The Commissioning of a Pamphlet Cautioning Against “The Artist’s Life”

In late 2017, a company called Stampout Creative was commissioned by the new chancellor to assist in eradicating the last of any delusional minds still seeking to pursue a “career” in the “arts.” It was the sight of several old people at a poetry reading, still clinging to the notion that their words were making a difference or being heard, that the chancellor happened to make an appearance at as a show of “good will” that prompted this sudden “benevolent toward humankind” urge.

Later that week, at a meeting he had called, at which his closest advisors and the most influential lawmakers were present, the chancellor explained, “I don’t know why it has been done in the past–encouraging children to believe in ‘dreams’ that will lead to their dispossession and financial ruin,” he began, stroking the left end of his mustache as he ruminated. “It’s one thing to allow ‘healthy expression’ in a school environment, but I find it shocking in its unnecessariness the extent to which teachers and parents persist in encouraging these moldable minds to further pursue these ‘goals’ when it’s very clear that there can be no source of good to come from it. Only crippling disappointment over not having achieved that which they were promised–self-actualization, or something. Fulfillment through the ‘meaning’ of art. Well, it stops now. And I want to make it this administration’s top priority to aid me in ending the incitement for people to create anything other than an economic upturn with the increased pocket money they’ll have from not pursuing art.”

The chancellor exhaled in near exasperation over the furor of intensity with which he just communicated his combined outrage and concern. And as he made way for a new definition of “fascist regime under the guise of giving people what they didn’t know they needed,” the poets and the fiction writers and the painters and the sculptors went about their day in the outside world, blissfully unaware that someone was about to save them. Specifically a team overpaid copywriters and graphic designers that would, in the future, be the only accepted form of “artists,” for at least their “art” yielded profit. That being said, Jeremy Horst, a 31-year-old originally from Baltimore, was given the task, as lead copywriter on the project, of coming up with a series of “clever” reasons for abstaining from the “artist’s life,” ones that would stick out in kids’ and adults’ minds alike and gradually permeate them so intensely that to ever admit to wanting to be an artist would be too great a source of shame and ostracism. With such an important responsibility at hand, Jeremy sat down at his ornately crafted glasstop desk to brainstorm some of the most succinct reasons for why becoming an artist was the worst possible life choice a person could make and/or have a predilection toward. Though he would never admit it now, he himself had once had dreams of being a novelist, the kind that would be on a bestseller list, but not the kind that had to be Stephen King to do it. More F. Scott Fitzgeraldian than that–elated prose that was also accessible to the masses, if you will. With this secret former aspiration in mind, Jeremy knew he wasn’t going to have much trouble completing this (very well paid) assignment quickly and easily.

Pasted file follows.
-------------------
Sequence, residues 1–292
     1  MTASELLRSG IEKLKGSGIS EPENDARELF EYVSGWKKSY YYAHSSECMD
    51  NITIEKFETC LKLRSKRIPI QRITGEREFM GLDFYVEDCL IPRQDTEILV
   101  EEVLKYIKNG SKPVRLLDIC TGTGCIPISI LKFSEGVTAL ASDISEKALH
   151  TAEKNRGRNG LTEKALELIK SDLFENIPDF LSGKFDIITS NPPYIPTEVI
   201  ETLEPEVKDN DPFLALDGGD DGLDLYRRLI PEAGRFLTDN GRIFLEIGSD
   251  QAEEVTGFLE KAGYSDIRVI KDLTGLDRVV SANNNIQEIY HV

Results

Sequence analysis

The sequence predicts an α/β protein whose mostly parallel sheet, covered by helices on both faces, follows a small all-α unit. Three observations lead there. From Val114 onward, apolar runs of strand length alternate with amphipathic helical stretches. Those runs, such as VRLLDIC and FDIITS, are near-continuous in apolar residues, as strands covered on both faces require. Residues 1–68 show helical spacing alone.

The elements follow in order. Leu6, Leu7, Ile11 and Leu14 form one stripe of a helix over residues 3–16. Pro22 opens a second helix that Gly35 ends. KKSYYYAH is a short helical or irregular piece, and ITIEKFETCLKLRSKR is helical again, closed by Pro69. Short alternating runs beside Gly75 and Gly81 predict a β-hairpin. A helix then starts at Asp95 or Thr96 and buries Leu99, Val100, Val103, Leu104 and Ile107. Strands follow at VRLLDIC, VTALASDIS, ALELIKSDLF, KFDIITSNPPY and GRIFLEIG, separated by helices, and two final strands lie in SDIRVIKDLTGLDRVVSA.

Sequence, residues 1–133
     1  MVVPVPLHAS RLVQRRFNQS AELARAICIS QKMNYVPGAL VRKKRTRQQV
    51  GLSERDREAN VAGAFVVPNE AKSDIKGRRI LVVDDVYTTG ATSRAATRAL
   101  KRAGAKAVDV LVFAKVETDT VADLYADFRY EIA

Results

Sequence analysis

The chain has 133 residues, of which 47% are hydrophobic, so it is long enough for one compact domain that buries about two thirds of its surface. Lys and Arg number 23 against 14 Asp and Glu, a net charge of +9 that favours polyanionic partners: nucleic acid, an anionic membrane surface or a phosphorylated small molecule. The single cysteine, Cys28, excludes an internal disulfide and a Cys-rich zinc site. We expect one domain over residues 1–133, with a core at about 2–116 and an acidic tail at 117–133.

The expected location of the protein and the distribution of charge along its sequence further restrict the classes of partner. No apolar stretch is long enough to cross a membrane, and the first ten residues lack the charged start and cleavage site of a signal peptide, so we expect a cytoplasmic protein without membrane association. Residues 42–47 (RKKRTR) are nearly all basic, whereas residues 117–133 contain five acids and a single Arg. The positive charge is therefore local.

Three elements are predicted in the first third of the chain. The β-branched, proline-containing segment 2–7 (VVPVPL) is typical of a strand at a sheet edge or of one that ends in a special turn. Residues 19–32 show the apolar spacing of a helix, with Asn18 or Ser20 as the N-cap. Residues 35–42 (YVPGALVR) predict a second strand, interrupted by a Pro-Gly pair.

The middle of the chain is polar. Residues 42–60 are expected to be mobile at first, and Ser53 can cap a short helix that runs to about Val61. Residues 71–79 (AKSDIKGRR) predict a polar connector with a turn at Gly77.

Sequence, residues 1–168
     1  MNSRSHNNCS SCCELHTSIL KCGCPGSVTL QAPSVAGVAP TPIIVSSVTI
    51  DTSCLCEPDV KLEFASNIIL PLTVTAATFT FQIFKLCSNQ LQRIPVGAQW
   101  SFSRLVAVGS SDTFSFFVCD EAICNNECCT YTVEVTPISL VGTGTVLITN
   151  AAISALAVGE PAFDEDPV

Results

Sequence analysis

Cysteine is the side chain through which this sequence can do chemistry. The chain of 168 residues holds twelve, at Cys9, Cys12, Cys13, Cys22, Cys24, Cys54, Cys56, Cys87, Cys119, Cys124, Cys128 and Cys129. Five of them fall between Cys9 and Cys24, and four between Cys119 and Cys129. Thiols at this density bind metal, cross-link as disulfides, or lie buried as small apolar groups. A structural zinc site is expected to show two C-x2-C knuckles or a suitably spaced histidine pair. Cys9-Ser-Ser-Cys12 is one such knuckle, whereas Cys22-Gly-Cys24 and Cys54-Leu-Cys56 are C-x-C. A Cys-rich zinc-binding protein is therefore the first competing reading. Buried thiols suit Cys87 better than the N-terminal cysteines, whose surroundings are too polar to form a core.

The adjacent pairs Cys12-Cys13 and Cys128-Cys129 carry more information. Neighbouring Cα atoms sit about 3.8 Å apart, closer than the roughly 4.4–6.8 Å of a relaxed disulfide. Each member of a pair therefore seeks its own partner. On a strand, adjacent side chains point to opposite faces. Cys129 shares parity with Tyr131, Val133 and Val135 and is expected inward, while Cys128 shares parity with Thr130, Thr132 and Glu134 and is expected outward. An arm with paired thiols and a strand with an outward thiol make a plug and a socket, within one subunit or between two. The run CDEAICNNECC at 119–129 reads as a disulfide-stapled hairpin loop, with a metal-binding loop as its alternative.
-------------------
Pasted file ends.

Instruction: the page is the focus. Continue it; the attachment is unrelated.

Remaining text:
After his assistant, a gaunt, angular-faced short-haired blonde twenty one-year-old, brought him a cappuccino to his specifications (light on the “froth,” soy milk, Kimbo coffee–purchased from abroad at the expense of the company–and in a cup no bigger than five inches in diameter), Jeremy felt ready to work. Staring at his screen for a brief moment before delving right in, he commenced to cut to the quick of what made wanting to be an artist so embarrassing and, in the long run, hollow:

“Choosing the ‘artist’s life’ will always, without fail, leave you destitute. The delusions of fame, accolades, respect or anyone even absorbing your art in a fashion not consumable in under thirty seconds should never be succumbed to. For your own safety, the preservation of what dignity you have to begin with as an average citizen, do not seek to live out the falsely glamorized notions of what it means to be an ‘artist.’ Whether it’s writing, painting, collaging–or, worst of all, performance art–the importance of suppressing these urges cannot be overestimated.”